$\mathcal{O}$ notation describes an onto function $f:\mathcal{O} \rightarrow \omega_{CK}$. In calculating all values $n \in \mathbb{N}$ such that $f(n)=\alpha$, when $\alpha$ is a limit, all indexes $e$ of ordinary programs are considered such that $\phi_e(i)=n_i$ (with $i \in \mathbb{N}$). The values $n_i$ must satisfy the condition that $f(n_i)=\alpha_i$ with the $\alpha_i$'s forming a (fundamental) sequence for $\alpha$.

I am just interested in the variation where we don't consider indexes of normal programs but instead consider indexes of primitive recursive functions/programs (given a suitable indexing for them).

**(Q1)** How far would such a variation go? That is, what is the smallest ordinal it can't represent.

**(Q2)** Consider the notation system (described by a 1-1 function $g:\beta \rightarrow \mathbb{N}$) assigning a unique number to each ordinal in which on limit values $\alpha<\beta$ we seek the p.r. function with *smallest* index $e$ satisfying $\phi_e(i)=g(\alpha_i)$ where the $\alpha_i$'s must form a (fundamental) sequence for $\alpha$.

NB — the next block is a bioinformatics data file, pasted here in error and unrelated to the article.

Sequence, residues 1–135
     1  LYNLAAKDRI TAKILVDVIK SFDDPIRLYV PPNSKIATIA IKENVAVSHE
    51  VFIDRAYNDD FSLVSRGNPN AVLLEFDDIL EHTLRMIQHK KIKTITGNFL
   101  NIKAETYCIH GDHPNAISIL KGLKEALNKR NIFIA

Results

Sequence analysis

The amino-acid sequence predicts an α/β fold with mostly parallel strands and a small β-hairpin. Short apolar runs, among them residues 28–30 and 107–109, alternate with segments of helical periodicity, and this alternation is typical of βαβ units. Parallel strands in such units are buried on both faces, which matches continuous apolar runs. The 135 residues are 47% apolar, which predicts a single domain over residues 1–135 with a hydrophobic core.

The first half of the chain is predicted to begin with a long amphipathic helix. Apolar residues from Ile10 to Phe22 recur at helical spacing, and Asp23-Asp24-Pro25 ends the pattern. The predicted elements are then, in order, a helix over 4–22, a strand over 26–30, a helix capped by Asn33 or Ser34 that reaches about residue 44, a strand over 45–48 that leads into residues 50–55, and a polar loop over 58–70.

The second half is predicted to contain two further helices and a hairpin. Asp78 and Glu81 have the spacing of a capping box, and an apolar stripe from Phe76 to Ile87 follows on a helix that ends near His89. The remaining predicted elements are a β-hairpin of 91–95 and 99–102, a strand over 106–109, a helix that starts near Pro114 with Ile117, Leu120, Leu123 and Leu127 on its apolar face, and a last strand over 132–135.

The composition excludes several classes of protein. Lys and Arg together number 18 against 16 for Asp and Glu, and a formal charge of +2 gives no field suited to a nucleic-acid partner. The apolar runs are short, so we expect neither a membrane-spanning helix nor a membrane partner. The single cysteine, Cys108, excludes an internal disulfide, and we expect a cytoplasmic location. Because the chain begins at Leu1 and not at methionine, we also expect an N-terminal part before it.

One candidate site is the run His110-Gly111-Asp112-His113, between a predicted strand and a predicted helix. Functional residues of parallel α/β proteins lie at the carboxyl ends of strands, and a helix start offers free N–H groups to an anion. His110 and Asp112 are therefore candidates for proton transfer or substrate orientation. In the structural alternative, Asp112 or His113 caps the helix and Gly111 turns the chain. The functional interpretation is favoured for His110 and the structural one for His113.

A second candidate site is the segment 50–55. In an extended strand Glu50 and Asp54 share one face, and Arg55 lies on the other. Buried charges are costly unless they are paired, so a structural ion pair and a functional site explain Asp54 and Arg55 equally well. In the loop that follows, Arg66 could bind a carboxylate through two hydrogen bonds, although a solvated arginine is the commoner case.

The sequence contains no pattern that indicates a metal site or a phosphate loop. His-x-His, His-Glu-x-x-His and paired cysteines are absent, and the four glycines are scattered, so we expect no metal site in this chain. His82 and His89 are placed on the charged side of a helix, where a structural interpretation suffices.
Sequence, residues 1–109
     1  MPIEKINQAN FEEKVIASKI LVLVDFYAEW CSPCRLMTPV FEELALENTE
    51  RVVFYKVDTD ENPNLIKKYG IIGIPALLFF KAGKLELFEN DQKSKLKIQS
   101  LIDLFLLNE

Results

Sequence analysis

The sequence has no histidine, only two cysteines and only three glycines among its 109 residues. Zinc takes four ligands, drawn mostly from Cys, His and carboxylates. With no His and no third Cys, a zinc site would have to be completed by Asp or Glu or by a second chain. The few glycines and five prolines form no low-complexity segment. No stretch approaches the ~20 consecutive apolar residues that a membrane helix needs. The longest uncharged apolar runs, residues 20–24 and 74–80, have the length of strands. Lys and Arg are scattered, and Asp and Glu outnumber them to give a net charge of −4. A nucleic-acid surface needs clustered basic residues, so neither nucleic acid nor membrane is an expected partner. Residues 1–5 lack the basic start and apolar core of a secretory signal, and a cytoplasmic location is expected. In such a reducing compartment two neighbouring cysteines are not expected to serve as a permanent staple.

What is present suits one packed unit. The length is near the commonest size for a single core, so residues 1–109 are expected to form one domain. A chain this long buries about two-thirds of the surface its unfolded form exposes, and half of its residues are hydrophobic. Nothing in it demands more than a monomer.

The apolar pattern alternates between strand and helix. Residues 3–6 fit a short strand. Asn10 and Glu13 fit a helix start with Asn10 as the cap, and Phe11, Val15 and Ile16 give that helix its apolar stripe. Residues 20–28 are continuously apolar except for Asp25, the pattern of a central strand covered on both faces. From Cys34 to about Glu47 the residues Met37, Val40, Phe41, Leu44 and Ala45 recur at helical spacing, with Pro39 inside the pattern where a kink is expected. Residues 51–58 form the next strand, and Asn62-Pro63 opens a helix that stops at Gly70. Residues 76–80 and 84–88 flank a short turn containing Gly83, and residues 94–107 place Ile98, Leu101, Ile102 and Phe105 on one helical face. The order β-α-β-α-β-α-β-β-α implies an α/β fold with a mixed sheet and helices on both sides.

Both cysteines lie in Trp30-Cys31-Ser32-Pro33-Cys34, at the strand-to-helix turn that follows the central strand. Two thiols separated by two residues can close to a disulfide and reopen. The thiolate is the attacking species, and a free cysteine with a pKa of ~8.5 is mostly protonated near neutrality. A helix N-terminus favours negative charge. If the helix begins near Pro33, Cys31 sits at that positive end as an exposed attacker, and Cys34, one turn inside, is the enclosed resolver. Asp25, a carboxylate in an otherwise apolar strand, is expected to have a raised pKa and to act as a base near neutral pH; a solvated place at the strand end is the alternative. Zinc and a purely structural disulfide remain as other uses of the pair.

At what value $\beta$ would such a system stop?

I don't have proficiency with the underlying theory so if the question seems posed in a strange manner then that might be the reason.

polynomial-time computability(or indeed even less!) - $\omega_1^{CK}$ isunspeakablyrobust. $\endgroup$ – Noah Schweber Mar 2 at 18:26